Do your kids chew gum? Mine do. Not all the time, but once in a while. They love to chomp on a piece of gum-working hard to perfect their bubble blowing skills. This time of year there are many more requests for gum in our house. It’s baseball little league season and gum and baseball seem to go hand in hand. How could it not when they watch their heroes on the Boston Red Sox chomping away on bubble gum? I guess it could be worse, they could be asking for chewing tobacco.
Is there plastic in chewing gum?
Yup. If the gum label lists “gum base” as one of their ingredients there’s a chance your gum contains “petroleum, lanolin, glycerin, polyethylene, polyvinyl acetate, petroleum wax, stearic acid, or latex” according to the Vegetarian Resource Group. An article in The Ecologist stated that “Today the ubiquitous ingredient ‘gum base’ is label shorthand for an alphabet soup of potentially toxic ingredients.”
My friend Beth from My Plastic Free Life wrote a fantastic piece about plastic in gum. She revealed that polyvinyl acetate (a type of plastic possibly found in gum) is manufactured using vinyl acetate, a chemical shown to cause tumors in lab rats. The catch-all phrase “gum base” makes it difficult for consumers to know which gum actually contains polyvinyl acetate since the specific ingredients that make up “gum base” don’t need to be spelled out.
Gum candy coating possibly linked to cancer
I first read about the potential health issues with candy coated gum on The Lunch Tray. Gum manufacturers are using titanium dioxide to make the hard candy coating found on some chewing gum and other candies. The gum I’m talking about is generally the square chiclet shaped gum with the white candy coating. According to a recent study, children were more likely exposed to titanium dioxide and it was found to be “possibly carcinogenic”. Titanium dioxide has also been linked to Crohn’s disease and asthma. It’s important to note that there have been no conclusive links between titanium dioxide and these health risks-but the question still lingers: should we continue chewing gum if there’s a potential risk?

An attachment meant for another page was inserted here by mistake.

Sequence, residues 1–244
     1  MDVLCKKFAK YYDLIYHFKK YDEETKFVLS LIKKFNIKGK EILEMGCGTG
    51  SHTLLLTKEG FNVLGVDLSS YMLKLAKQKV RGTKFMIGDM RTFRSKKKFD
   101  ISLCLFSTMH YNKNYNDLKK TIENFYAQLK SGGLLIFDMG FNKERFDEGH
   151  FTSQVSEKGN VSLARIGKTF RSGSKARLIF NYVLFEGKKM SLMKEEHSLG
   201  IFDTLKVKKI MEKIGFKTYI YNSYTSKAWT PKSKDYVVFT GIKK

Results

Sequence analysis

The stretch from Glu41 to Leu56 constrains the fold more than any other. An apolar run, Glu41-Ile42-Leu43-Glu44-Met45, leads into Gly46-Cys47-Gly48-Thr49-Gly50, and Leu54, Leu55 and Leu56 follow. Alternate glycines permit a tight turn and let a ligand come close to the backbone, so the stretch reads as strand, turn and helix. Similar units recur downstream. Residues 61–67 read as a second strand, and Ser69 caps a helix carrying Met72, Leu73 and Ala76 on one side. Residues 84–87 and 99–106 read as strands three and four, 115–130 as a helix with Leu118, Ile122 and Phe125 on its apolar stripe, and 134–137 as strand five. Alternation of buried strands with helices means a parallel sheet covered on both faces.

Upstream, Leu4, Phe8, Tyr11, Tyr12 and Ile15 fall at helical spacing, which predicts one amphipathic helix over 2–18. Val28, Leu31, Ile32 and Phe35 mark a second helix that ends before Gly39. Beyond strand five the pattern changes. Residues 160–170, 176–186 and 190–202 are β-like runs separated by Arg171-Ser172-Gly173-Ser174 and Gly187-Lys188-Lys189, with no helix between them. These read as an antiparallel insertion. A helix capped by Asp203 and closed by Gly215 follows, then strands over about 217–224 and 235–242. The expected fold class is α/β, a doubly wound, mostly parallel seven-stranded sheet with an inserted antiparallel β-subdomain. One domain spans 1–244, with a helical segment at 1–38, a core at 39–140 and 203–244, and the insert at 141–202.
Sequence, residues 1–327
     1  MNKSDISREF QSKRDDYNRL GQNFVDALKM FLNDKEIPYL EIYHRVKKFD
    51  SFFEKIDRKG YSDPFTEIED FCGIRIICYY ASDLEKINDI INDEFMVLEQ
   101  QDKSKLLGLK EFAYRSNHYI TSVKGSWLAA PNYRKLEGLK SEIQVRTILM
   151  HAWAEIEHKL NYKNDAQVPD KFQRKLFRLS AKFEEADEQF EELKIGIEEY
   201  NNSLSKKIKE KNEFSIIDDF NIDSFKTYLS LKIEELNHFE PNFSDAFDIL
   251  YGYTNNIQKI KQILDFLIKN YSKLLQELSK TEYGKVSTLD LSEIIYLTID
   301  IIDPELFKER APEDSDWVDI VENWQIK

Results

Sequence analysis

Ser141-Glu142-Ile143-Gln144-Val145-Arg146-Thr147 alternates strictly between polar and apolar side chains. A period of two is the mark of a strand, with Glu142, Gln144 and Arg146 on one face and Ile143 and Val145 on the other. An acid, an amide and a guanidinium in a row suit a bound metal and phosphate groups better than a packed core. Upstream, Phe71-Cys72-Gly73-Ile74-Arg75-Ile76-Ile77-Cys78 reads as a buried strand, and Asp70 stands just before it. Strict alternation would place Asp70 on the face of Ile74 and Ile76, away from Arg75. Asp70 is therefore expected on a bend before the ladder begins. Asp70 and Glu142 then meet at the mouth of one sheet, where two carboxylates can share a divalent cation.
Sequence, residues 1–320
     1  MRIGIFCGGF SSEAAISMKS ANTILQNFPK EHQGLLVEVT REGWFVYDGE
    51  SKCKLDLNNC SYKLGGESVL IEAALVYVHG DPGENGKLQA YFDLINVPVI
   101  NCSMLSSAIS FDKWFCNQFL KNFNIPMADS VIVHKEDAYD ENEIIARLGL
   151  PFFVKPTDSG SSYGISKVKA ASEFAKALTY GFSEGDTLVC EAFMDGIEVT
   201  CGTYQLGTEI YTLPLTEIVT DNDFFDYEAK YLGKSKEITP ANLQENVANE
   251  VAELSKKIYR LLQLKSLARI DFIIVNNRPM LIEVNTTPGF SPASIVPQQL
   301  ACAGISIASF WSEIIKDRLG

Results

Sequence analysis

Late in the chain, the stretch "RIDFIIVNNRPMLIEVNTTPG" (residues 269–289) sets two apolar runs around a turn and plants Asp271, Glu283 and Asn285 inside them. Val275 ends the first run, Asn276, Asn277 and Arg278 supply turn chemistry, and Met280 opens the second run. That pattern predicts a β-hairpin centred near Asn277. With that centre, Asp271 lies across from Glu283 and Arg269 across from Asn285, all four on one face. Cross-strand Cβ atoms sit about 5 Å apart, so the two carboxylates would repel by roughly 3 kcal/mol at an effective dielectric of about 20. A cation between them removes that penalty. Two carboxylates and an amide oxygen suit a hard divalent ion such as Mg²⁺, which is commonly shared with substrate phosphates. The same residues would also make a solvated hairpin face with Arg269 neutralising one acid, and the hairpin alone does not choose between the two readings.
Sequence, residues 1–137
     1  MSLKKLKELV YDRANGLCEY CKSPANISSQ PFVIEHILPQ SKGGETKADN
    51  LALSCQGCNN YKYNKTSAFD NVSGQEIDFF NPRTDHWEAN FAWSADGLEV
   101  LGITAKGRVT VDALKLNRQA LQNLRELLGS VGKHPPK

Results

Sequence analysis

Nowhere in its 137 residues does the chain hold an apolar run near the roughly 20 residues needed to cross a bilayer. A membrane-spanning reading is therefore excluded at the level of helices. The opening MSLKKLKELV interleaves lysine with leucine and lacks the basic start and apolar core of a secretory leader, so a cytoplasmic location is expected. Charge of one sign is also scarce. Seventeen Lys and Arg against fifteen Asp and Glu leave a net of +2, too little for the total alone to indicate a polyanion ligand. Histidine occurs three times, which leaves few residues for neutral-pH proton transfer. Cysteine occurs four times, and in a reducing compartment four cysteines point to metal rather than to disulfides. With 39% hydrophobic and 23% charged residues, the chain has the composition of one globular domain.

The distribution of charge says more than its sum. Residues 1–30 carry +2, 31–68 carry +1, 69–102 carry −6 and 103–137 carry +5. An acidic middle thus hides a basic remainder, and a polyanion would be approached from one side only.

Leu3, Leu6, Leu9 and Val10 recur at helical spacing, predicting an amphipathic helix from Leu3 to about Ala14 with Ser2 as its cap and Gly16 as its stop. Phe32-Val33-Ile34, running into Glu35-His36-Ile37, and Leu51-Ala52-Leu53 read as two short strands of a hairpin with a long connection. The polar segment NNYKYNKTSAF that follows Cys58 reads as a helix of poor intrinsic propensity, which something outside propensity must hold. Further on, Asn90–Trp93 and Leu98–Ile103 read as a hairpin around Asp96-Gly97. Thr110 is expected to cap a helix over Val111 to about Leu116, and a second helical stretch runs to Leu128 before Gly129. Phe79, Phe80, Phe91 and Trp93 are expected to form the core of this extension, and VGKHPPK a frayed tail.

If you’re going to chew gum:
- Read the ingredients and make an educated decision.
- Opt for the sticks of gum over the Chiclet style pieces with hard candy coating.
- Be aware that gum is laden with other possible toxins, including artificial sweeteners.
How to Remove chewing gum from the dryer and clothes
If your gum makes its way into the dryer or onto your clothing-Anna from Green Talk has a few great tips for getting the gum out (some are green and some not so green-but they work!).
What do you think: Should we continue chewing gum if there are potential health risks?